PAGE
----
This service is being offered nationally during the lockdown as volunteers can work remotely. Once the lockdown has been lifted, volunteers will be able to visit clients. The visiting befriending service is limited to the Black Country area, including Sandwell.

Zebra Access can offer a wide range of services for the Deaf and Hard of Hearing. This can vary from free BSL session/s for non-profit organisations and families to Deaf awareness sessions, advocacy support, coffee mornings and community events.

Spotlight on Tough Enough to Care

A mental health charity is encouraging men to get together and talk about mental health, demonstrating that there is no shame in being ‘Tough Enough to Care’.

The aim of Tough Enough to Care is for men of all ages to feel comfortable talking and opening up about their emotions to those close to them, instead of bottling them up until they reach breaking point. They also want men to be able to spot when others around them may be struggling and need support.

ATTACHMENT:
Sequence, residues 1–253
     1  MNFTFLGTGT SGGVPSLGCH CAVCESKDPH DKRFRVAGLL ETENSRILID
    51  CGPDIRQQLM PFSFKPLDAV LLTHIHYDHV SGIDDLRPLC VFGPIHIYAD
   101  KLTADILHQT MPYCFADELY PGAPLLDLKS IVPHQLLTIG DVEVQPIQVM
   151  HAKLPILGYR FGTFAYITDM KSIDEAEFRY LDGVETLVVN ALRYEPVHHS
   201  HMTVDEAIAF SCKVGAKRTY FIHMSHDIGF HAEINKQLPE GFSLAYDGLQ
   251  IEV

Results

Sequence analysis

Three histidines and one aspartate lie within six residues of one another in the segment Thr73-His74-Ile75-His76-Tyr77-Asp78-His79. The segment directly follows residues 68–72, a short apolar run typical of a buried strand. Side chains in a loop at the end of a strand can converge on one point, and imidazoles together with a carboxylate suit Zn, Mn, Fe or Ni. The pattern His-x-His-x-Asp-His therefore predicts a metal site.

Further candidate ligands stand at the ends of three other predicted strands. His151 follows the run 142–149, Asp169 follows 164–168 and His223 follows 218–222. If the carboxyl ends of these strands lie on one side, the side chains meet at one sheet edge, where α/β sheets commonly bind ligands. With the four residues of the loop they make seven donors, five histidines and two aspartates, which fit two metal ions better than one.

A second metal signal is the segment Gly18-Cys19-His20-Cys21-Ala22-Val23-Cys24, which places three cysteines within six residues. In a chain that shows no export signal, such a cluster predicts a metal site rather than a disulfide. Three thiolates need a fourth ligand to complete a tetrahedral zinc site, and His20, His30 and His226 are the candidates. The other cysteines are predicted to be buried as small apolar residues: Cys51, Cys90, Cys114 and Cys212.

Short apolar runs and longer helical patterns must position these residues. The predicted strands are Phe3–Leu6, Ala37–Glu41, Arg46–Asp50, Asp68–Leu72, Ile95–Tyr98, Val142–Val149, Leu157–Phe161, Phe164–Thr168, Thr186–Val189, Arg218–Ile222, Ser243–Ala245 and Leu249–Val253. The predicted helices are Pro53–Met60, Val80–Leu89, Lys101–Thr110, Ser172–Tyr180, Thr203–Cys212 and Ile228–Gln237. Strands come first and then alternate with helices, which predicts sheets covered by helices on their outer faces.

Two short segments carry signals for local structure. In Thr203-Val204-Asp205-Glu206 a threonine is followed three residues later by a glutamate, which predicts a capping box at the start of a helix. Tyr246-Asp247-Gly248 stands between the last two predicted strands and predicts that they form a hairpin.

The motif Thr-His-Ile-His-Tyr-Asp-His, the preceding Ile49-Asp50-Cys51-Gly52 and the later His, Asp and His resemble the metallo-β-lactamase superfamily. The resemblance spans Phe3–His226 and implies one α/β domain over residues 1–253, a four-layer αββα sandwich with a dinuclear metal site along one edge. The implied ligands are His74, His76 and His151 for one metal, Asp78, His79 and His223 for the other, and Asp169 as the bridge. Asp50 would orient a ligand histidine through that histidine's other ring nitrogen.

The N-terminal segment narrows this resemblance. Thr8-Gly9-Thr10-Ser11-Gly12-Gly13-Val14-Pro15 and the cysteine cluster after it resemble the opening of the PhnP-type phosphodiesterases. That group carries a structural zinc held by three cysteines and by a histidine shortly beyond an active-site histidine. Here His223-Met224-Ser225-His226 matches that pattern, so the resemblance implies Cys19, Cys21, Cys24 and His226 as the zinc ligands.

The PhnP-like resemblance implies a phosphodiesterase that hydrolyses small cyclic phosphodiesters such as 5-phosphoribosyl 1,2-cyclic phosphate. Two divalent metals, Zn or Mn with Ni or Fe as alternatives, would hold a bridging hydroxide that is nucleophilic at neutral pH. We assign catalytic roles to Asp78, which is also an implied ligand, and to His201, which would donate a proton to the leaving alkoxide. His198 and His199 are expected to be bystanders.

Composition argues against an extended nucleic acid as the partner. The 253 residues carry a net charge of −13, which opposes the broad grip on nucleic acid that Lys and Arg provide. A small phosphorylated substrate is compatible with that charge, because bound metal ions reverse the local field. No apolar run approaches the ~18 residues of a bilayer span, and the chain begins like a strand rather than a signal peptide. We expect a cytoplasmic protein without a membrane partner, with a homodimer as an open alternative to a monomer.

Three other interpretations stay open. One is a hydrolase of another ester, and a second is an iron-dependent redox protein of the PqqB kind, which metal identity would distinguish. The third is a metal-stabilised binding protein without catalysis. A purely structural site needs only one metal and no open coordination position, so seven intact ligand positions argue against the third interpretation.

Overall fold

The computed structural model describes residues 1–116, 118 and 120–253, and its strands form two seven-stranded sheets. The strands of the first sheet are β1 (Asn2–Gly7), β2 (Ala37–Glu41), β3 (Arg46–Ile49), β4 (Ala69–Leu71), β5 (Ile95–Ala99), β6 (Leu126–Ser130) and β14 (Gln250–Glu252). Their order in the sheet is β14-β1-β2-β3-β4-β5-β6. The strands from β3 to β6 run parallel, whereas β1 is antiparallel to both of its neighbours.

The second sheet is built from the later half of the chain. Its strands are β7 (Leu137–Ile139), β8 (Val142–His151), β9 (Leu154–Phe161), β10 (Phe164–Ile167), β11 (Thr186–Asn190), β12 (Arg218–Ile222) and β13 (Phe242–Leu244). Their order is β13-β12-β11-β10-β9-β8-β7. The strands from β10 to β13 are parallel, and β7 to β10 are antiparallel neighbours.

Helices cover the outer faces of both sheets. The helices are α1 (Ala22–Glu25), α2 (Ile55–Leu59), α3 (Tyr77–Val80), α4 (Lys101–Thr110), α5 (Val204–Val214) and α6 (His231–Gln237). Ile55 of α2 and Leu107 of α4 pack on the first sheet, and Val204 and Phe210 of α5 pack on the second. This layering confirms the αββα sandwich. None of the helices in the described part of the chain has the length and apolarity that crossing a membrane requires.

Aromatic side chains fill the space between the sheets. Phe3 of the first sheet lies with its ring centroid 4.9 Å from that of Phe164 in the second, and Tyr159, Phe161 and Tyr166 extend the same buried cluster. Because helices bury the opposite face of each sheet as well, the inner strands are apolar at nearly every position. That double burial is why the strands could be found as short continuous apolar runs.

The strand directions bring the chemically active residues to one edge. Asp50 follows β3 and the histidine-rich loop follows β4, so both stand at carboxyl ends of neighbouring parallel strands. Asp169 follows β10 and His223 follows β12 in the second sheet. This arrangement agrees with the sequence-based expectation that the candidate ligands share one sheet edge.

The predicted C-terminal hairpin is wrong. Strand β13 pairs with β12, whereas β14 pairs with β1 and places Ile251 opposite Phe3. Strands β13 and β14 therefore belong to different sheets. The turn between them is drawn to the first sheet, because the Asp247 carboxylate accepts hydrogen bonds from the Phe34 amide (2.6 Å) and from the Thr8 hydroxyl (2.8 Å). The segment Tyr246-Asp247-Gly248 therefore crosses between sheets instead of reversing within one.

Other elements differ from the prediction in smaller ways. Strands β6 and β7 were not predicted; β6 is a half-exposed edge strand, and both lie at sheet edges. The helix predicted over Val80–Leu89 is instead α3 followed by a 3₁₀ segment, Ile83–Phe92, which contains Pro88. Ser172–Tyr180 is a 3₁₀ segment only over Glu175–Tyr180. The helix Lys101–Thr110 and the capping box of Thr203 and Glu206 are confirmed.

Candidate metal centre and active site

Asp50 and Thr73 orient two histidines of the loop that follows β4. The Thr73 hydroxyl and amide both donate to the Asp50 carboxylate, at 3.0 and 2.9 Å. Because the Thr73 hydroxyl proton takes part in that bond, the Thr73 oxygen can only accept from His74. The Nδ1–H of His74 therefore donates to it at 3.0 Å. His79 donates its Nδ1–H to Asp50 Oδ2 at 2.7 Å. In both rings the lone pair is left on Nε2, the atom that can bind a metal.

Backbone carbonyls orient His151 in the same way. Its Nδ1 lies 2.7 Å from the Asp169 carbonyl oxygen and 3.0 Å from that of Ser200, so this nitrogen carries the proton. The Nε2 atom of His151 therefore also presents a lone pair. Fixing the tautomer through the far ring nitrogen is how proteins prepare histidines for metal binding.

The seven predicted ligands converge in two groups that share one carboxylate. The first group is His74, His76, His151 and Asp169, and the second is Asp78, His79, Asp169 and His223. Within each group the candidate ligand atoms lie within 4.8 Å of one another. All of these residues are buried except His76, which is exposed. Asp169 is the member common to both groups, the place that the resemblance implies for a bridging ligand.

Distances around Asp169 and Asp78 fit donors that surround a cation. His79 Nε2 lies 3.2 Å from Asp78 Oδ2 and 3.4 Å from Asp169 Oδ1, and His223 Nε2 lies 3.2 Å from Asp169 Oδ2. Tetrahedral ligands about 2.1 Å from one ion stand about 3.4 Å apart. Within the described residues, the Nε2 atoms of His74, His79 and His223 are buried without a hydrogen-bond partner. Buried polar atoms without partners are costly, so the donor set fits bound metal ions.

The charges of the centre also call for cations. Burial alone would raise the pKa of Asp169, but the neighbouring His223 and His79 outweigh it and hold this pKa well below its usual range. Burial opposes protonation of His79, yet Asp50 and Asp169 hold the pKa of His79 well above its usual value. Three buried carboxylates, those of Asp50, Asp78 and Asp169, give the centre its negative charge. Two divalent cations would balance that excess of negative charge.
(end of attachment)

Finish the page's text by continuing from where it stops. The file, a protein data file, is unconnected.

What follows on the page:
There is an online peer-to-peer support group and regular meetings at Haden Cross Fire Station Halesowen Road, Cradley Heath B64 7JU, on the 1st and 3rd Monday of each month, 7 pm – 9 pm. The charity is launching a new twice-monthly meeting at Northfield Fire Station, South Road, Northfield B31 2RB, on the 2nd and 4th Monday of each month, 7 pm to 9 pm. Please note that during the current lock down period, support groups are temporarily closed.

In addition to public platforms, you can also message Tough Enough to Care’s main charity Facebook page. Messages are read by and replied to in the strictest confidence by a team of mental health first aiders. They are not professionals, but can often talk you through a dark time and help to signpost you to the best available help to suit your needs if required.

Tough Enough to Care (TETC) is run by volunteers and was set up in 2019 by ex-RAF Armourer Stuart Bratt from Dudley.

Now working as an industrial engineer, and a keen rugby player for 25 years, Stuart has spent much of his adult life in predominantly male working environments. He has seen first-hand how men find it hard to open up about how their emotions and wanted to help men recognise that talking about how they are feeling doesn’t make you ‘less of a man’.

Visit the website

Online peer to peer group